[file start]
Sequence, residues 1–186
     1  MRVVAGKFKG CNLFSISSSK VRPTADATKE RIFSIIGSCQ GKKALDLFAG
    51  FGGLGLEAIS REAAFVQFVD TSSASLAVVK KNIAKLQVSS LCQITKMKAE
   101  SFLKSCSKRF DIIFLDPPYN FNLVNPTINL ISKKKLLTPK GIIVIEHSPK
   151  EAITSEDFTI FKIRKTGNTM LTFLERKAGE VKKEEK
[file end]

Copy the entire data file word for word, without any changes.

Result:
Sequence, residues 1–186
     1  MRVVAGKFKG CNLFSISSSK VRPTADATKE RIFSIIGSCQ GKKALDLFAG
    51  FGGLGLEAIS REAAFVQFVD TSSASLAVVK KNIAKLQVSS LCQITKMKAE
   101  SFLKSCSKRF DIIFLDPPYN FNLVNPTINL ISKKKLLTPK GIIVIEHSPK
   151  EAITSEDFTI FKIRKTGNTM LTFLERKAGE VKKEEK